Wednesday, May 1, 2024

Vox Puts Today's College-Campus Protests in Historical Context has an article putting today's college-campus protests over Gaza, Israel, and the Palestinians in the context of US campus protests of the past 60 years, including those over Civil Rights, South African apartheid, and the Vietnam War. The article's interviews with researchers of student activism suggest that some things we are seeing currently are similar to what happened in earlier decades, whereas some present developments are not.

It is the Vox article's life-stage explanation of protest activism -- along with the importance of social context -- that most directly resonates with emerging-adulthood research. Consider the following passages from the article:

There is something about a university campus that inspires political activism. Even in the age of social media, geographic proximity to a community with a high concentration of young people — many of whom are thinking critically about the world for the first time and may be undistracted by the pressures of adult life — seems to help incubate social movements.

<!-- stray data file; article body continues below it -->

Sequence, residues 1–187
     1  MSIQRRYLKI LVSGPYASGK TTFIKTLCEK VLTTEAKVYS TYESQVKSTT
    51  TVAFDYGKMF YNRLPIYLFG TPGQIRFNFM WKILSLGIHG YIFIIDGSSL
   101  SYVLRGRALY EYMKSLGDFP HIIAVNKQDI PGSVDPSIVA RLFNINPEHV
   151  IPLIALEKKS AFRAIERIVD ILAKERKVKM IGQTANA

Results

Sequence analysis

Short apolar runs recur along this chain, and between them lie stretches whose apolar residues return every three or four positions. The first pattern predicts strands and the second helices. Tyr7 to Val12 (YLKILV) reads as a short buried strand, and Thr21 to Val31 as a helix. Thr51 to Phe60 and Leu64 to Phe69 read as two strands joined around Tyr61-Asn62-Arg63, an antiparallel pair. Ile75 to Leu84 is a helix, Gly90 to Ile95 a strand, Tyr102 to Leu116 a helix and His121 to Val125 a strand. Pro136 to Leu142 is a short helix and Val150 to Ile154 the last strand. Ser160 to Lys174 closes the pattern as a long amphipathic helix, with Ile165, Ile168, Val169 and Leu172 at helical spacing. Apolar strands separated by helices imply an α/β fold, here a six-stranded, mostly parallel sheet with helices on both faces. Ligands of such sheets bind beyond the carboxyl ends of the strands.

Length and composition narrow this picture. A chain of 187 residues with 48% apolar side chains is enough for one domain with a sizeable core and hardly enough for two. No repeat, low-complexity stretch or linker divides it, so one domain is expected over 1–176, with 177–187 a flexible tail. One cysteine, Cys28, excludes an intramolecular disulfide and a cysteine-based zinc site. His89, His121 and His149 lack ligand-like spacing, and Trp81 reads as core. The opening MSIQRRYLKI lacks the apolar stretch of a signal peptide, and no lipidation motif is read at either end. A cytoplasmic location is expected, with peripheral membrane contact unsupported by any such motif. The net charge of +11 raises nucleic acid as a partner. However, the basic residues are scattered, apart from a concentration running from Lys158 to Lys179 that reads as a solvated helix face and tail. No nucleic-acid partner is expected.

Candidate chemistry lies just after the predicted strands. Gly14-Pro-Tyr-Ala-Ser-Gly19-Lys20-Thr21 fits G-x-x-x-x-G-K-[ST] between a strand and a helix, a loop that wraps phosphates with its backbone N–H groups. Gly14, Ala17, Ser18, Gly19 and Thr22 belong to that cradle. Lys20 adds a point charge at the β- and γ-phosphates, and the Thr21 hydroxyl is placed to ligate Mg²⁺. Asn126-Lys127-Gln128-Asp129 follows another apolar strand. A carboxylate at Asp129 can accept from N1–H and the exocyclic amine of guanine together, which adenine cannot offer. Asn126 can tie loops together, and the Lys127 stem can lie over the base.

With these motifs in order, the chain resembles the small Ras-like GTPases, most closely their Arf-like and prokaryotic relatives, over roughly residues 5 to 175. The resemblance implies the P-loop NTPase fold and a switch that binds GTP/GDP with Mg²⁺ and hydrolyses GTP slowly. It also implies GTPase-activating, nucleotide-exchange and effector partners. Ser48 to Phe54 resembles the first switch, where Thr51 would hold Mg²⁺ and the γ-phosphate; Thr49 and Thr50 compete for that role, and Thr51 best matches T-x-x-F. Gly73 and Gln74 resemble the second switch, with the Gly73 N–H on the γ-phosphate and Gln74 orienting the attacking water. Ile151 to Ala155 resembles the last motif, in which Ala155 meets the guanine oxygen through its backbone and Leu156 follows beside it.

“The university is the center of teaching and learning where people are taught in classes, or out of classes, to question things,” [New York University professor Robert] Cohen said. 

This isn’t specific to America. All around the world, college campuses are hubs of political activity and young people are at the forefront of social movements.

If these topics interest you, the above-linked Vox article is definitely worth a read.

Friday, June 9, 2023

Book Review: After the Ivory Tower Falls

Higher education -- whether one goes to college or not -- affects the lives of millions of Americans in the emerging-adult age-range, and not necessarily for the better. So says Philadelphia Inquirer columnist Will Bunch in his 2022 book After the Ivory Tower Falls: How College Broke the American Dream and Blew Up Our Politics -- And How to Fix It.